Over the past two years, a rise in COVID-19 infections forced Ontario’s two million public-school students into an online learning environment few had experienced before – and will continue to experience even when the province emerges from the pandemic.
Some children thrived, free from the anxiety and bullying in their classrooms. Many other families complained of technological glitches, little ones dissolving into tears in front of the screen, and, more significantly, learning challenges.
Ontario students spent more time learning remotely than their peers in other parts of the country. Now, observers worry that the outcome of next month’s provincial election could further entrench online learning in the province’s public education system.
“It does no favours to an already underfunded system,” said Beyhan Farhadi, a postdoctoral researcher in equity and e-learning at York University.
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The Ontario Progressive Conservative Party introduced a requirement in early 2020 that high-school students, beginning with the cohort that entered Grade 9 in the past academic year, must earn two e-learning credits toward their diploma, unless they formally opt out through their school boards.
It was part of the contract agreement with the high-school teachers’ union, but at that time, educators were already worried about how the quality of learning would suffer, given the larger number of pupils in online classrooms. Critics also expressed concerns about how online learning would exacerbate inequities among students, especially when some don’t have access to the internet.
The NDP and Liberal parties have promised that if elected, they would remove that requirement.
Ms. Farhadi is concerned that as online learning further embeds itself into the public system, it will be accompanied by cuts that affect those already struggling in school. As part of her prepandemic dissertation, Ms. Farhadi mapped out almost a decade of high-school enrolment data in online classes. She found that those who were more socioeconomically and academically advantaged were more likely to enroll in online courses.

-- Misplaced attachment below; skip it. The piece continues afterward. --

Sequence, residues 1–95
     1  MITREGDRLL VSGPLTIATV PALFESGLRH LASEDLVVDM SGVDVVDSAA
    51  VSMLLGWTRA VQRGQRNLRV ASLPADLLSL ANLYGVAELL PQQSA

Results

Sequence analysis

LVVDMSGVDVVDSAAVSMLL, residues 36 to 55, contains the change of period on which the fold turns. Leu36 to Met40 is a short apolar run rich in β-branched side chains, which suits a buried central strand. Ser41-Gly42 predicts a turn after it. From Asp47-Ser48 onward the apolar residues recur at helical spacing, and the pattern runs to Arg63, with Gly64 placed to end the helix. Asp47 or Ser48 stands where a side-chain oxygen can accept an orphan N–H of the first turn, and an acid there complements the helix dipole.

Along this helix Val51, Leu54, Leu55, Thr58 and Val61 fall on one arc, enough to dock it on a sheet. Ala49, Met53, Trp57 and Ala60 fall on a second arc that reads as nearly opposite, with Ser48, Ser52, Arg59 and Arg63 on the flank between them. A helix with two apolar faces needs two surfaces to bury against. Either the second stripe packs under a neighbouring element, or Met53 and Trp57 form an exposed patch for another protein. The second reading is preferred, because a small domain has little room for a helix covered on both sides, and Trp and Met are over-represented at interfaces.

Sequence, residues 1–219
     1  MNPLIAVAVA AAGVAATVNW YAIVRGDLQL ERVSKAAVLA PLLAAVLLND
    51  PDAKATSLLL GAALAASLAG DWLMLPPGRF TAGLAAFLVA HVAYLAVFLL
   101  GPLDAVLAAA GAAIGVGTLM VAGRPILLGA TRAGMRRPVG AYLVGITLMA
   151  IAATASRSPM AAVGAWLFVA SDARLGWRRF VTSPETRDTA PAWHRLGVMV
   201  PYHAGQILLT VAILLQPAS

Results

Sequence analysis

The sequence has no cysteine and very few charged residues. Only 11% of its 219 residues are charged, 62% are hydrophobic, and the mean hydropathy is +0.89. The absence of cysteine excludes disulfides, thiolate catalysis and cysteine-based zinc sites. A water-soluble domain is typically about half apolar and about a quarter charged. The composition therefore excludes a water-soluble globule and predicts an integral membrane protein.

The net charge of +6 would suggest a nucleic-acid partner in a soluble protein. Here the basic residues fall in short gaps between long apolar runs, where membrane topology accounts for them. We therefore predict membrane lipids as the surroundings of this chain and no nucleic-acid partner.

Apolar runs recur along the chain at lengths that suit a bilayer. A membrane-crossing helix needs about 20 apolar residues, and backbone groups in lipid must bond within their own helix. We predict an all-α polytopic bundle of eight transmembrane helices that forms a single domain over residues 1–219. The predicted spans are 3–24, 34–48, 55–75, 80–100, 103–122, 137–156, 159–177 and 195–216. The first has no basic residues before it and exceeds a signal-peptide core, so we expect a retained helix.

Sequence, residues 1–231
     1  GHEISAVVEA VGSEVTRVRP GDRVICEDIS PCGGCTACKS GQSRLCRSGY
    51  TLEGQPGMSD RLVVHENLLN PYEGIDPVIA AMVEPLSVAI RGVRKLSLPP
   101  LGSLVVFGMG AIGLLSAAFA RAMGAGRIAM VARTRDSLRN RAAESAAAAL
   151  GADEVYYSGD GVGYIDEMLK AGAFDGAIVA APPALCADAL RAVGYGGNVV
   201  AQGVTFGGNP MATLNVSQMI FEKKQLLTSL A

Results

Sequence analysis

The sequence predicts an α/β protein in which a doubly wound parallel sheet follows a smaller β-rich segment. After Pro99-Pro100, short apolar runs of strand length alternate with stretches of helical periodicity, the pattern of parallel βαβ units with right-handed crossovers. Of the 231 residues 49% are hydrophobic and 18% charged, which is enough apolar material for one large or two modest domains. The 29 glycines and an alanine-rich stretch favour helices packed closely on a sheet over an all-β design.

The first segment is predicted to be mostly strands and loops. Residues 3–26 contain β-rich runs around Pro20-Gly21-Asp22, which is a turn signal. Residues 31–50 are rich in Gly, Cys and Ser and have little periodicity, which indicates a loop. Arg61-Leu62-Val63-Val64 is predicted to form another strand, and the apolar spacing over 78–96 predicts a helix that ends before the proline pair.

School boards are required to provide the option for remote learning again in the next academic year “while the pandemic continues to evolve,” said Grace Lee, a spokeswoman for Stephen Lecce, Education Minister in Doug Ford’s government. Mr. Lecce is running again in the riding of King-Vaughan.
Ms. Lee did not directly respond to a question about whether a PC government would introduce legislation to make online learning a permanent option in public education. Last year, the Ministry of Education shared a document with various education groups that outlined plans to introduce legislation that would give families the ability to enroll their children in full-time synchronous remote learning. In synchronous learning, a teacher is present, just like in a physical classroom.
The document, which was obtained by The Globe and Mail, also stated that high-school students would have the option to enroll in a teacher-supported online course or an independent-learning course offered through a centre operated by TVO for English-language students and TFO for French-language students. The document also said that those organizations could market the courses elsewhere. It is unclear what happened with the paper.
Online credits have been offered to high-school students for about two decades, but those courses are generally asynchronous, which means lectures are recorded and assignments are posted online.
In its platform, the NDP said it would scrap the two mandatory e-learning credits that high-school students have to earn to graduate, and stop the privatization of online learning. Mr. Ford’s government reached an agreement with the high-school teachers’ union in early 2020, which included the two mandatory online courses that would be taught asynchronously.